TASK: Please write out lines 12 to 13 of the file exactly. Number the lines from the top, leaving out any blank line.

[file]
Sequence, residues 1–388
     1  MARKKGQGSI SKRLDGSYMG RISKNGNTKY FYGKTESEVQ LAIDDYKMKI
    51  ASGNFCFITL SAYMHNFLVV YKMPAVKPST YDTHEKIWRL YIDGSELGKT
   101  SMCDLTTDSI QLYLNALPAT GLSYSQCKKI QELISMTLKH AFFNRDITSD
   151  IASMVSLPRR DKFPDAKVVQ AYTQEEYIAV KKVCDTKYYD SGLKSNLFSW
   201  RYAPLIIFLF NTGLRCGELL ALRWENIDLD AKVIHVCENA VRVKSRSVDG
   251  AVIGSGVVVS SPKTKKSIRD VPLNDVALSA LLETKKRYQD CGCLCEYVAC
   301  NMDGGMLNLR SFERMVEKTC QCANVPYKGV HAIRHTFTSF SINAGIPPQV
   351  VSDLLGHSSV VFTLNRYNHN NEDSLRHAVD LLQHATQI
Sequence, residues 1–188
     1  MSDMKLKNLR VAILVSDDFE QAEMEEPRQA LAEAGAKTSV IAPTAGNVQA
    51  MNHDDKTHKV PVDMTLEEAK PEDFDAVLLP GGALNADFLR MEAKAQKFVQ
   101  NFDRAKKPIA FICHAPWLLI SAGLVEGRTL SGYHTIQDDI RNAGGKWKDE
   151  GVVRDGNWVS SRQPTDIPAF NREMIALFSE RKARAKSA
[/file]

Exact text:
    51  MNHDDKTHKV PVDMTLEEAK PEDFDAVLLP GGALNADFLR MEAKAQKFVQ
   101  NFDRAKKPIA FICHAPWLLI SAGLVEGRTL SGYHTIQDDI RNAGGKWKDE